Stewardship Excellence Awards: Focus on Kentucky
The Cultural Landscape Foundation salutes these four organizations whose efforts collectively share our mission of "stewardship through education." Their programs are collectively insuring the protection of Kentucky's extraordinary landscape legacy.
The Dry Stone Conservancy
has preserved historic drystone structures, advanced the drystone masonry craft and created a national center for training and expertise. Since its formation in 1996, the Dry Stone Conservancy has protected the unique and distinctive features of the historic rock fences of the Bluegrass landscape; its advisory and on-site consultations in many states have involved fields of architecture, landscape architecture, engineering, conservation, preservation, archaeology, history, geography, job-development and tourism.
Kentucky Heritage Council
encourages the long-term preservation and protection of Kentucky's significant cultural resources, maintaining continually updated inventories of historic structures and archaeological sites and nominating properties to the National Register of Historic Places. The Council's various programs demonstrate the contribution of historic resources to the heritage, economy and quality of life of all Kentuckians. Since its creation in 1966, the Council has sought to preserve and protect Kentucky's cultural landscapes. Noteworthy work includes a national record for rural landscape listings on the National Register of Historic Places; Streetscape Guidelines which balance historic preservation and design; and the first-ever attempt to support landscape features with a tax credit.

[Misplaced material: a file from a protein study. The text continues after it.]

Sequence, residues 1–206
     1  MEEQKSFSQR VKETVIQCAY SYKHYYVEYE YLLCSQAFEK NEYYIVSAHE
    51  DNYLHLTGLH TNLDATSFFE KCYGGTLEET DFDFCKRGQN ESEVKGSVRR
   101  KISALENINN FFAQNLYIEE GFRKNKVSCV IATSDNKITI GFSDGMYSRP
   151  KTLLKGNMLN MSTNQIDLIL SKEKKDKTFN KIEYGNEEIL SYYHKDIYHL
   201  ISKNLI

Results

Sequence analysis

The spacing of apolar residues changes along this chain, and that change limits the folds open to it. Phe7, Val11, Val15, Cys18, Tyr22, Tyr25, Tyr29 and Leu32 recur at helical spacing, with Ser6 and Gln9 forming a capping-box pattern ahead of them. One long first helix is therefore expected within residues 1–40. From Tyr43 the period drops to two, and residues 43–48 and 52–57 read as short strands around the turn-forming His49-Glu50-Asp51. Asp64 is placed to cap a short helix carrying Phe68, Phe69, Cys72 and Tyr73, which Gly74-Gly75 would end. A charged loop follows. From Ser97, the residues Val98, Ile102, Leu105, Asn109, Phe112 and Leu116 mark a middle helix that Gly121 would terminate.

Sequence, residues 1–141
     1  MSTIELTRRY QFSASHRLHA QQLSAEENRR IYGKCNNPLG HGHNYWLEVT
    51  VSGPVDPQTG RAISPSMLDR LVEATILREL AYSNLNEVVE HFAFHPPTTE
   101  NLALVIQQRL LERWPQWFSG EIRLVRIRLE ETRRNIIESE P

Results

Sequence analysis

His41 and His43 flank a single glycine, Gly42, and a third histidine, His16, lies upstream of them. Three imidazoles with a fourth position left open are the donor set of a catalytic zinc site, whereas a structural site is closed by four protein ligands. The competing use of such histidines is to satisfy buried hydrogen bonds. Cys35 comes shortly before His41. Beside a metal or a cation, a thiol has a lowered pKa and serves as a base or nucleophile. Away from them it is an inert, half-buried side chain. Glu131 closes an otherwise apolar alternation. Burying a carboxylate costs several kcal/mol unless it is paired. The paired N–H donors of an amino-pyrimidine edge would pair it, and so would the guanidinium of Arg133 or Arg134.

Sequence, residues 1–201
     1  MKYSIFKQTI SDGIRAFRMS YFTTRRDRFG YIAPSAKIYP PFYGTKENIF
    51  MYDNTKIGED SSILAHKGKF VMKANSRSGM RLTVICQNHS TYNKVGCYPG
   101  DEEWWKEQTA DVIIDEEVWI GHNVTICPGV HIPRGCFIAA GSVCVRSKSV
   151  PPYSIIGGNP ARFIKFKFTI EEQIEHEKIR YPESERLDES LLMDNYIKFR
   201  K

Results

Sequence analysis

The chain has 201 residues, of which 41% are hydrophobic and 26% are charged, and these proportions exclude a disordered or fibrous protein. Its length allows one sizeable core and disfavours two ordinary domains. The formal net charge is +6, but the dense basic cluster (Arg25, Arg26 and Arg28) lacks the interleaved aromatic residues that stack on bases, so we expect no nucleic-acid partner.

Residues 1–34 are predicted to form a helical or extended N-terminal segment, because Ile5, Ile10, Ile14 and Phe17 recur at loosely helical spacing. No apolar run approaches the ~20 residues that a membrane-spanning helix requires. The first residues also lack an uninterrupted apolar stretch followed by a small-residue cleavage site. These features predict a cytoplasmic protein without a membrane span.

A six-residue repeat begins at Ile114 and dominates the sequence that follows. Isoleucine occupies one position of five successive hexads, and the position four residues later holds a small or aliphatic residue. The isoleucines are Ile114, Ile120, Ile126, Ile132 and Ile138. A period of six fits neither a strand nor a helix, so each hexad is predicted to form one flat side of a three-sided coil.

The Louisville Olmsted Parks Conservancy
is dedicated to the preservation, enhancement and restoration of the 18 Olmsted-designed parks and five Olmsted-designed parkways in Louisville. Listed on the National Register of Historic Places, this landscape legacy is one of only five such Olmsted systems in the country. The state of disrepair found in the parks in the early 1980s led to the formation of the Louisville Olmsted Parks Conservancy in 1989. The Conservancy has worked in concert with the city to upgrade and replace roads, buildings, trails and drainage systems and to right the tree and horticultural destruction caused by the 1974 tornado—thereby maintaining the character-defining green oases of park acreage and parkway miles for generations to come.
River Fields, Inc.,
founded in 1959, as guardian of a 50-mile stretch of the Ohio River, acts as an advocacy group and a land trust. By promoting environmentally sensitive land and water use, River Fields aims to protect, preserve and enhance the natural and cultural resources of the river corridor. River Fields combines expertise in urban planning, environmental law, and the science of river ecosystems with an understanding of the forces of growth and development. As a land trust, River Fields has preserved over 1000 acres in the watershed through land purchase or donation, or through the execution of conservation easements. River Fields holds easements, which will protect in perpetuity high quality natural areas, farmland and vital ecosystems. The organization is a model for river conservation groups nationwide with their broad nature-culture stewardship ethic, encompassing the entire cultural landscape of the Ohio River Corridor.